It wasn’t until I was a professor myself that I understood how starved one can get for a truly great paper. When I get a truly great paper I want to put it up on a billboard I’m hyper-grateful for it.  I read a lot of papers that are pure fakery. I feel like I’m being had. And most of the time I am being had, which can get irritating.  Maybe she didn’t even read a word of some of those papers. But she sure knew what she was doing, as very few people got an “A” from Ann Miller.  It was a little intoxicating, like taking a hit, or reading a poem by Wallace Stevens.

Anyway, I ended up majoring in history, the major where everything has already happened, but kept taking her English classes anyway. When she read lines like “imperfection is our paradise,” it seemed charged with truth, vatic, a lyric gospel. And that was saying something because my required religion classes left me cold. Only in her class did I feel transported. And boy did I work hard to please her.  She smiled a lot at me, like I was part of her tribe, but she had seen many students like me before.  I am not even sure she knew my name.  But I applied for graduate school in English anyway. I had several other good professors, but she was so far above the rest. She was so unpredictable in her particular strain of genius that as much as I wanted to be like her, I knew it would be hard to even come close.  

How could I?  She had married her political science professor who was many years her senior.  She had been all over the world.  She had a grandson named “Zeus.”  And as far as I could tell, she had read every book known to man. Clearly, I had a long way to go. But miraculously, I won a semi-big-deal fellowship, and went to Chapel Hill to study Lit-uhr-ah-ture, and let me summarize:  I knew nothing.  This was easy to figure out, because you have a lot of experts in graduate school specially trained to point this out to you. I almost failed out of graduate school because of my inability to translate the dead language known as Anglo-Saxon into contemporary English.  It might be a bit much to say I was suicidal, but I was absolutely suicidal.  And what maybe kept me from jumping off that particular cliff was a professor named Linda Wagner-Martin, who taught modernism and twentieth century literature and, yes, there were certain things lost in translation. But that was a good thing and it gave a lot of people something to write about.  Plus, she was very democratic and would say things in class like, “Not everyone went to school in Izod shirts!”  And I loved hearing this because I actually did go to school sometimes in Izod shirts, but it was in Houston, Texas, rather than, say, Kennebunkport, Maine, and I didn’t even play tennis. So it was fraudulent and suburban and what everyone did and I just loved how she would say something like that and she could reveal a lot about life very efficiently, like an imagist poem, another thing she knew a lot about.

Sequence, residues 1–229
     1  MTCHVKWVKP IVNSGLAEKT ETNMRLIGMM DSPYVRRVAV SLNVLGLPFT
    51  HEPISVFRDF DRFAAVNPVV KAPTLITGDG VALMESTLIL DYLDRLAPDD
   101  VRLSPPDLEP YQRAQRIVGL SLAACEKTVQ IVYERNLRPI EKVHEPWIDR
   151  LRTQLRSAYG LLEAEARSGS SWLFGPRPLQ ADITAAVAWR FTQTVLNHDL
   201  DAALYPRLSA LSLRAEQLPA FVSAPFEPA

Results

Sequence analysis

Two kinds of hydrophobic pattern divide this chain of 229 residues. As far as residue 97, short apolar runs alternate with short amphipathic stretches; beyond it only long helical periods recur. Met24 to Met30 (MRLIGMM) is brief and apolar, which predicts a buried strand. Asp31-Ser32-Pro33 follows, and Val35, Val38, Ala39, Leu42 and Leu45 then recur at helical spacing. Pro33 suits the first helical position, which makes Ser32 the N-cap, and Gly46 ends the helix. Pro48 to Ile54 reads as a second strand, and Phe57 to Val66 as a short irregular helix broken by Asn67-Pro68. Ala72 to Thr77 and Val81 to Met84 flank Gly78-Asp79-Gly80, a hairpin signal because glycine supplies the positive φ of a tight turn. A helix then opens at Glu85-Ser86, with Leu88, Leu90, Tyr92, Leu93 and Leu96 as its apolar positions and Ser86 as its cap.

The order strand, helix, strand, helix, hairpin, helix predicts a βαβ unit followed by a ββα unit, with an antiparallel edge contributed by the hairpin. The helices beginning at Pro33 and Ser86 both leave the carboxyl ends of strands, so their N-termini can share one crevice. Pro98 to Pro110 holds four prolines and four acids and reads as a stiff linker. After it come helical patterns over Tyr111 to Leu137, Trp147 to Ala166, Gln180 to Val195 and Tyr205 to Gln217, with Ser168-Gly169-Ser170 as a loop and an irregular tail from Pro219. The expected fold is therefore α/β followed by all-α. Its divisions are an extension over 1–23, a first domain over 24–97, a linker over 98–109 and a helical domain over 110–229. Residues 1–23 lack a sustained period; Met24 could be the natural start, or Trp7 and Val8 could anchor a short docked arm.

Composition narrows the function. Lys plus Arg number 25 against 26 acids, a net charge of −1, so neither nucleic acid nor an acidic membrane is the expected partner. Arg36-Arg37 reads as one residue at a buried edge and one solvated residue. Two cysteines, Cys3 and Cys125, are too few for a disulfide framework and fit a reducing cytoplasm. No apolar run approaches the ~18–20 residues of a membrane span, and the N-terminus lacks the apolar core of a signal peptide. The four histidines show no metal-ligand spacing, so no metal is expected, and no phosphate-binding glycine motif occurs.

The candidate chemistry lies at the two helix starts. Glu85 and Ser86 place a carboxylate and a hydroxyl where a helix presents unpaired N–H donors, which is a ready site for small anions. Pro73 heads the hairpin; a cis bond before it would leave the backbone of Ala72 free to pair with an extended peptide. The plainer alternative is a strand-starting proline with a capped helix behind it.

Unlike Ann Miller, who was quite the drama queen, Linda Wagner-Martin was all about Midwestern practicality.  She had published over fifty books..  When I was struggling with my master’s thesis, she would shift her head to one side and smile this little Doris Day smile and say, “You know, it is really just like cleaning out your closet.”  I have no idea what she meant by this, but it did make the task seem at least a bit more manageable, like something I might actually finish. 

I was one of those people for whom the blank page is not necessarily a country to be conquered, but more like a desert that will kill you with the sheer cruelty of thirst. In short, Linda had her work cut out for her.  But she never acted like I was a hopeless case, and feigning that confidence is sometimes the biggest act of generosity you can give a student, who is always already lost on some level. You have to at least play along in case this student turns out to be any good in the long run, and you have to be willing to wait for them to be cured of their own mediocrity, and sometimes that takes a long time.  Fortunately, Linda was patient with me.

When Linda retired this year, it seemed unimaginable—she lived up my image of a professor in every way. And in every way, she was not at all like me, even though I, too, am a professor.  I am relatively uncomfortable in my own skin and Linda is, well, not. I’m someone who can wallow in waves of regret over not having gone to law school, not having been taller, not having the ability to make a decision without a hundred visions and revisions. Linda, on the other hand, evokes confidence, self-assuredness. 

My students know all of this. I am a terrible actress, cannot come close to hiding these fundamental truths that are self-evident. When my students are not in tune with me, not understanding the genius of Emily Dickinson or Silvia Plath or whatever I am teaching, I will say things like, “I wish I had gone to law school.  I wish I were taller so that I didn’t have to wear these high heels every day. I wish you would read these poems so that I feel like I went into the right profession, because if I didn’t, that will require a lot of exhausting rethinking on my part. So please read the frigging assignment.  Thanks.”   Linda would never say anything such thing, and I wish I didn’t. My only wish is that I was more like her.